Petitioner filed his petition in pro per; however, he is presently represented by counsel. Petitioner's supplemental brief (ECF No. 11), submitted by counsel, provides a detailed procedural history of Petitioner's challenges to his convictions and sentences in the state courts. Petitioner describes the proceedings in the trial court as follows:

On February 2, 2015, the Allegan County Prosecutor charged Mr. Vanrhee with five counts (Counts 1-5) of Criminal Sexual Conduct-First Degree (CSC 1st) (penetration, person under 13, defendant 17 years of age or older), in violation of MCL750.520b(1)(a)and MCL 750.520b(2)(b); two counts(Counts 6-7) of CSC 3rd (incest), in violation of MCL 750.520d(1)(d); two counts (Counts 8-9) of CSC 2nd (sexual contact, person under thirteen, defendant 17 years of age or older) in violation of MCL 750.520c(2)(b); and one count (Count 10) of assault with intent to commit sexual conduct in the 2nd degree, in violation of MCL 750.520g(2). (Felony Information, February 2, 2015, p. 1-3). Mr. Vanrhee's three minor daughters were the victims.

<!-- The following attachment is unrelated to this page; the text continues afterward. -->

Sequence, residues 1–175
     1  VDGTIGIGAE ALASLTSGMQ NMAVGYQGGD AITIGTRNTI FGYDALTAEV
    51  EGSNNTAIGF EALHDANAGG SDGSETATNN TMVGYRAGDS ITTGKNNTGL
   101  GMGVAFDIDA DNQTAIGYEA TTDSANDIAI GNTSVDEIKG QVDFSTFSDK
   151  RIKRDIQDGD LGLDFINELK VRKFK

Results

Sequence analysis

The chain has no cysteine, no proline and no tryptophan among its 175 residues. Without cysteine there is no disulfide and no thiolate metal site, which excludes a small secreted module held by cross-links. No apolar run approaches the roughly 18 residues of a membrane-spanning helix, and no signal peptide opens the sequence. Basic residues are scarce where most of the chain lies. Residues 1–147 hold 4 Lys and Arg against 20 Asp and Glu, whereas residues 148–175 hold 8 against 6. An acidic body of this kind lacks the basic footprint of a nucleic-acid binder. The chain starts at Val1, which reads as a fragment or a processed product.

On March 16, 2015, pursuant to a plea agreement, the Allegan County Prosecutor filed an amended felony information adding one count (Count 11) of CSC 4th (contact, person aged 15, incest) in violation of MCL 750.520e(1)(g). (Amended Felony Information, March 16, 2015, p. 1-2). According to the plea agreement, in exchange for Mr. Vanrhee's plea to one count of CSC 1st (Count 1), one count of CSC 2nd (Count 9), and the single added count of CSC 4th (Count 11), the prosecutor would dismiss the remaining counts. (Transcript, Plea Hearing, p. 5-6). The plea agreement also provided that Mr. Vanrhee would not be subject to the 25-year mandatory minimum sentence prescribed MCL 750.520b(2)(b)for violations of MCL 750.520b(1)(a), which was the precise subsection of the CSC 1st statute under which Mr. Vanrhee was charged.